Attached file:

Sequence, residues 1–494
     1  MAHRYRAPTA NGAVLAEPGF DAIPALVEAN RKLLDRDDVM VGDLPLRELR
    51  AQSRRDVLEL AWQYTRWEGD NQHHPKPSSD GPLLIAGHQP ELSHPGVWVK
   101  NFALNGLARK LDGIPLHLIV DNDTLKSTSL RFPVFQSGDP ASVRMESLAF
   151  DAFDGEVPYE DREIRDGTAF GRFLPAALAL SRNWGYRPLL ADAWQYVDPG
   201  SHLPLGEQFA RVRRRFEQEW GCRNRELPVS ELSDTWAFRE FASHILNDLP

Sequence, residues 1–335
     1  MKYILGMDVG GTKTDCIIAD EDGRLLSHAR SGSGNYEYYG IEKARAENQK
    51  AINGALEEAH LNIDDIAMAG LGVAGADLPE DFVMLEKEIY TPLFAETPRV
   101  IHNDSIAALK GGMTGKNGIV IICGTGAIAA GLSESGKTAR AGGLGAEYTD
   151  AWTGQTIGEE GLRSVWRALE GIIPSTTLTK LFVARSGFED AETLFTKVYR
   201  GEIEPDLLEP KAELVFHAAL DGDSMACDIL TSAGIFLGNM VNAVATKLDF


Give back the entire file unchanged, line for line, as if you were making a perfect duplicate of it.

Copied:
Sequence, residues 1–494
     1  MAHRYRAPTA NGAVLAEPGF DAIPALVEAN RKLLDRDDVM VGDLPLRELR
    51  AQSRRDVLEL AWQYTRWEGD NQHHPKPSSD GPLLIAGHQP ELSHPGVWVK
   101  NFALNGLARK LDGIPLHLIV DNDTLKSTSL RFPVFQSGDP ASVRMESLAF
   151  DAFDGEVPYE DREIRDGTAF GRFLPAALAL SRNWGYRPLL ADAWQYVDPG
   201  SHLPLGEQFA RVRRRFEQEW GCRNRELPVS ELSDTWAFRE FASHILNDLP

Sequence, residues 1–335
     1  MKYILGMDVG GTKTDCIIAD EDGRLLSHAR SGSGNYEYYG IEKARAENQK
    51  AINGALEEAH LNIDDIAMAG LGVAGADLPE DFVMLEKEIY TPLFAETPRV
   101  IHNDSIAALK GGMTGKNGIV IICGTGAIAA GLSESGKTAR AGGLGAEYTD
   151  AWTGQTIGEE GLRSVWRALE GIIPSTTLTK LFVARSGFED AETLFTKVYR
   201  GEIEPDLLEP KAELVFHAAL DGDSMACDIL TSAGIFLGNM VNAVATKLDF